Dead Season (2011)

I’ve gone through a full week of October without a single zombie movie and that just cannot stand. I was this close to giving you Juan of the Dead today but I’ve done several comedies already. Instead I opted for one that plays it straight. I should have known better.

There is no more generic zombie film naming convention than Dead [noun]. You can put literally anything in there and imagine a plot around it. For example:

Dead Tree – Once you’ve tasted its fruit, you’ll keep coming back for more.

Dead Floor – For the privileged residents of this high-rise, nothing is off limits. Except the penthouse.

Dead Party – Put out the best silver, the guests are hungry.

This is not difficult. So it’s a complete mystery when producers slap together meaningless names like Dead Season. The title is two words long and fully 50% of it has NOTHING to do with the story.

They’ve got board games and booze. Why exactly are they fleeing?

The story: Zombie outbreak, everyone dies, blah blah blah. Former EMT Elvis works his way down to sunny Florida where a ham radio buddy is willing to trade him a boat in exchange for canned goods, allowing him to get off the mainland. Why he’s convinced that’ll do any good remains as mysterious as why the word “season” is in the title.

Along the way he picks up a lady who calls herself Tweeter and a boy named Cody. They buy their boat and set sail for a life of leisure in a tropical paradise. To everyone’s tremendous surprise, that plan is not completely successful.

Dramamine! I knew I forgot something!

Biggest letdown: First thing’s fucking first: you cannot call zombies “walkers” and not expect fanboys (your target demographic) to go berserk at the obvious crib from the Walking Dead television series. Granted, that show wasn’t the first to use the word but it’s certainly dominating the field at the moment. Dead Season probably started production just before The Walking Dead first aired in 2010 but that doesn’t excuse not re-shooting or at least dubbing over what the survivors call undead. I was thinking scabs might be a novel name but you could call them widgets and it would be an improvement. It’s funny because I’d bet a testicle this movie was originally called Dead Island but had to change its name to avoid confusion with the 2011 video game. And that’s not even the letdown, it’s just weird.

Um, you first.

The letdown is that this movie very quickly devolves into a worn out “the living are the real monsters” trope, which is just ridiculous. Monsters are the real monsters; people are just assholes. I wasn’t wild about that part of 28 Days Later (and The Walking Dead comics, for that matter) but at least there was some justification behind the savage acts of the army guys. In Dead Season we have a paramilitary compound that very closely resembles the one in 28 Days Later, but the guys running it are routinely villainous for no reason. There doesn’t seem to be any necessity driving their cruelty. They just unanimously decided the best policy was to encourage a culture of sadistic hardassery. Again, to their amazement, this strategy does not pan out.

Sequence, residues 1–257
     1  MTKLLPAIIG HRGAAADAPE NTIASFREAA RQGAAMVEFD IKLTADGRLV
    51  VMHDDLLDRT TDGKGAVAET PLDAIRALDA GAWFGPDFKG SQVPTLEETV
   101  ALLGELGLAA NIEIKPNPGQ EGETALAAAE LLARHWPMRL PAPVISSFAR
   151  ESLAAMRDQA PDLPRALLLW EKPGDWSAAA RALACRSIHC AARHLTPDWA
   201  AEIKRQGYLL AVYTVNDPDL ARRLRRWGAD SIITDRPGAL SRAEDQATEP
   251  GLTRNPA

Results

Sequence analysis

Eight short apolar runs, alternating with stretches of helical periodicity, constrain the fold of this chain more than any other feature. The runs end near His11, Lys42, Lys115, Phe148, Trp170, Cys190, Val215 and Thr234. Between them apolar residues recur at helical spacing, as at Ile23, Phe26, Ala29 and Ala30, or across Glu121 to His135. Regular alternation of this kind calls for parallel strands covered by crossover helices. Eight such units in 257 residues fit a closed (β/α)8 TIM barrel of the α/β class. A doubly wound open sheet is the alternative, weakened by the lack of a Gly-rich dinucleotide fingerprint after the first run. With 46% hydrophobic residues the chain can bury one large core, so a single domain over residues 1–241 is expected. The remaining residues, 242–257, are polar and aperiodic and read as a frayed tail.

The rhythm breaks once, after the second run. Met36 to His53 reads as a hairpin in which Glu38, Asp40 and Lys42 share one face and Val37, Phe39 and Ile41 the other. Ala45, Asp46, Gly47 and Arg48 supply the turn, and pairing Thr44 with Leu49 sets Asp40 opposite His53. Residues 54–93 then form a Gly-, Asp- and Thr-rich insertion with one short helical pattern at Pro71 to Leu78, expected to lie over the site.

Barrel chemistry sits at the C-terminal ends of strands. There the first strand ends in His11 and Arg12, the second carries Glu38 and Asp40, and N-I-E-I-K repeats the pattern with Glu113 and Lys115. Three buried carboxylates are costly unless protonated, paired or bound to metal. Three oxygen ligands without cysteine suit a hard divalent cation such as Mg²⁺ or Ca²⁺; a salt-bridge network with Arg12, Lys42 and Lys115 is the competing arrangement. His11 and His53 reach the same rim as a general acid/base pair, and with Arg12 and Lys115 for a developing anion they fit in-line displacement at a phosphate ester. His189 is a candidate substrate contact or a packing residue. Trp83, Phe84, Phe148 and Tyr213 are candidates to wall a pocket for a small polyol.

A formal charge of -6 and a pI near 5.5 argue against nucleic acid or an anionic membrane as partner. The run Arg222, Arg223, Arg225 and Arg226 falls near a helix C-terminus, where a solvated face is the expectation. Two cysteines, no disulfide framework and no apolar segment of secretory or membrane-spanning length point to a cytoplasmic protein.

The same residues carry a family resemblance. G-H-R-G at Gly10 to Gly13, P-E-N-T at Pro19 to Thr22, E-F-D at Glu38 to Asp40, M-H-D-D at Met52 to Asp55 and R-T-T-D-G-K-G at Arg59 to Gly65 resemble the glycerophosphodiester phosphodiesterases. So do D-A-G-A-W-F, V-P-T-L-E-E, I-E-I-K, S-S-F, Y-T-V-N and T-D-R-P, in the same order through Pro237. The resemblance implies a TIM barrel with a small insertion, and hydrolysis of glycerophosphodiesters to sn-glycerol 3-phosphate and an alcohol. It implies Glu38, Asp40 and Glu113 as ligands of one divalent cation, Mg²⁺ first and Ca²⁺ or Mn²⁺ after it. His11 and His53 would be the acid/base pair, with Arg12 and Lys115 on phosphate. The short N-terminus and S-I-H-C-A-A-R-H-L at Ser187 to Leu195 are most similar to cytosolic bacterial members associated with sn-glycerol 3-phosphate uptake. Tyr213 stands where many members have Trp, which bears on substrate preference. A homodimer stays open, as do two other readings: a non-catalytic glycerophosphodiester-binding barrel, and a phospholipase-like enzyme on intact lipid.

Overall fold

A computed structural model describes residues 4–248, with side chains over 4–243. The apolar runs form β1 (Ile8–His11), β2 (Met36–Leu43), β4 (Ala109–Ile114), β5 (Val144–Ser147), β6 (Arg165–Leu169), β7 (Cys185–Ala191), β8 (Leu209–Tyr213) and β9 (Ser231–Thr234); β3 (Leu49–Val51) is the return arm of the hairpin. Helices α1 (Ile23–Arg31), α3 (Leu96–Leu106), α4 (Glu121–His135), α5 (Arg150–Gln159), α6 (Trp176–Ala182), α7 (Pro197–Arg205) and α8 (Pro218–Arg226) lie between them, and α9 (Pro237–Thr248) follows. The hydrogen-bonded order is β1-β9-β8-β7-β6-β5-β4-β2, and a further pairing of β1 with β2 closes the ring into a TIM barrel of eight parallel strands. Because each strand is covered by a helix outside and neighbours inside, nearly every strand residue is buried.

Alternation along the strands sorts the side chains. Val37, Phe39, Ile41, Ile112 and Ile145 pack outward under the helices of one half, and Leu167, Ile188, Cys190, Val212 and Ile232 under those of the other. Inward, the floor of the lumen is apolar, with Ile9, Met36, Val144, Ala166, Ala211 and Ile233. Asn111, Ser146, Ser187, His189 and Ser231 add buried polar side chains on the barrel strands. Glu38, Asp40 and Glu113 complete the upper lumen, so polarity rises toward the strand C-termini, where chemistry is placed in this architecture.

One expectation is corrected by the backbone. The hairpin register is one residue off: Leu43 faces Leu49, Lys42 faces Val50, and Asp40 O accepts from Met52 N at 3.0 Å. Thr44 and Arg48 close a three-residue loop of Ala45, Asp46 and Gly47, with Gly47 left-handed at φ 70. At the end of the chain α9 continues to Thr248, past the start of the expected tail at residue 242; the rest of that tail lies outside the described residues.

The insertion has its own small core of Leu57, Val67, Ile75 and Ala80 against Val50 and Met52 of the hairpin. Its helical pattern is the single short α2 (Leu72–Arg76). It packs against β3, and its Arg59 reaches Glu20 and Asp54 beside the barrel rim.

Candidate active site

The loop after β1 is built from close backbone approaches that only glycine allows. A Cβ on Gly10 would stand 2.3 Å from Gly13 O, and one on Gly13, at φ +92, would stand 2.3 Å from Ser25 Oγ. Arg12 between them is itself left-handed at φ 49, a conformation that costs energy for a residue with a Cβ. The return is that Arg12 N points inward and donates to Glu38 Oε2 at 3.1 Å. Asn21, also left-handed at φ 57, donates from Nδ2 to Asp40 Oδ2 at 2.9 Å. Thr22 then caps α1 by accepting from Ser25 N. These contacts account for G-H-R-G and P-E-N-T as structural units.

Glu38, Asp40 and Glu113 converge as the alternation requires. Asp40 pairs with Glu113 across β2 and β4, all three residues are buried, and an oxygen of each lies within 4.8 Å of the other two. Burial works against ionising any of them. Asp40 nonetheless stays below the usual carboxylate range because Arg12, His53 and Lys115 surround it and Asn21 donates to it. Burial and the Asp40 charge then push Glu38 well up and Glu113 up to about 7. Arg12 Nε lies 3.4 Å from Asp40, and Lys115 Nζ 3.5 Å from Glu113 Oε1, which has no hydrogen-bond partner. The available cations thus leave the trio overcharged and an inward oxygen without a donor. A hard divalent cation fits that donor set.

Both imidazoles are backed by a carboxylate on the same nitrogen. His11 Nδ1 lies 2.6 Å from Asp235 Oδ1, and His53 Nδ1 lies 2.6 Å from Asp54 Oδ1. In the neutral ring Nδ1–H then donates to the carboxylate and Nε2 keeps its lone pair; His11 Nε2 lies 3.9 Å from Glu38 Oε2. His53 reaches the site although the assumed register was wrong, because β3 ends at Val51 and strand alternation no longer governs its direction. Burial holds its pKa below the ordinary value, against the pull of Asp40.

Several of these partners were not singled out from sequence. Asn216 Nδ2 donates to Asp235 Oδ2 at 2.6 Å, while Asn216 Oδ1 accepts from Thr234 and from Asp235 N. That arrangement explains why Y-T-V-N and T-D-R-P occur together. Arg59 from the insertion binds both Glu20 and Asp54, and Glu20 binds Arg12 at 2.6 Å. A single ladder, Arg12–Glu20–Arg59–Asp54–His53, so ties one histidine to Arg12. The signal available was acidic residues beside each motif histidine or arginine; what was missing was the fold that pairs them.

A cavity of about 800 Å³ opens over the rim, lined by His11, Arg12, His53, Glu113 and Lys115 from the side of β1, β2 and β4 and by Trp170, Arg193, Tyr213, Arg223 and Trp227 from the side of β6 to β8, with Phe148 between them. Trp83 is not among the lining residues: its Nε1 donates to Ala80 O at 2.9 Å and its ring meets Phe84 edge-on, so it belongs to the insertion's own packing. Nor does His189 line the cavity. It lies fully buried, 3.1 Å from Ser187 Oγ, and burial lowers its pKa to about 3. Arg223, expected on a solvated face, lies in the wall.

If anyone knows a better team-building exercise, I’m all ears.

Why you should watch: The many thinly-veiled plagiarisms that contaminate this movie are most frustrating because they obscure a number of really decent ideas. Dead Season is clearly superior to typical independent zombie movies, and it’s miles beyond most every Asylum-produced Syfy shitshow. Scott Peat and Marissa Merrill (Elvis and Tweeter), for example, are delightfully understated heroes. You definitely root for them to make it out alive and together. (And naked. They’re both unreasonably attractive, as required by the horror movie code, but in such unconventional ways you don’t pick up on it until well into the movie.)

Likes: long walks on the beach, machetes.

What really separates this movie from the shambling horde of garbage behind it is it doesn’t succumb to the temptation to fill up on empty calorie banter and lunging teeth behind every dark corner. The director is willing to devote quite a lot of scenes (especially given the truncated 85-minute runtime) to silent, scoreless meanderings through a wasted jungle in search of food, setting up the central struggle against starvation rather well. The downside is that, while the production team took stuff like character direction and mood seriously, appallingly little attention is paid to the physical battles against the undead. The fight scenes are bland and haphazard. It’s difficult to explain why sometimes the zombies lack the coordination to bite exposed human flesh when it literally hits them in the face, yet other times the good guys perceive no way out when those same zombies surround them in a beachfront bar.

This place used to be cool.

Memorable Moment: The second act climax, completely violating zombie movie regs, is NOT a big gunfight or action set piece, or even the dramatic death of a main character. Rather, it’s the gruesome amputation of a big piece of the survivors’ collective humanity. As it was happening I was sure it would destroy any remaining interest I had in the film. Yet despite my skepticism, it turned out to be a welcome change of direction.

Choice quote: “You treat your survival with an astonishing lack of urgency. You’re lazy, you’re sloppy and, unbelievably, you’re fat. How does that happen?”

About the Rating System

4 Responses to “Dead Season (2011)”

  1. […] 31 Flavors of Terror A terrifying movie terror-thon of terror « Dead Season (2011) […]

  2. […] A few weeks ago I said Dead [noun] was the most generic possible name for a zombie movie. I stand corrected. Hats off to The Dead for coming within one three-letter word of whittling its title down to irreducible, subatomic simplicity. So close! […]

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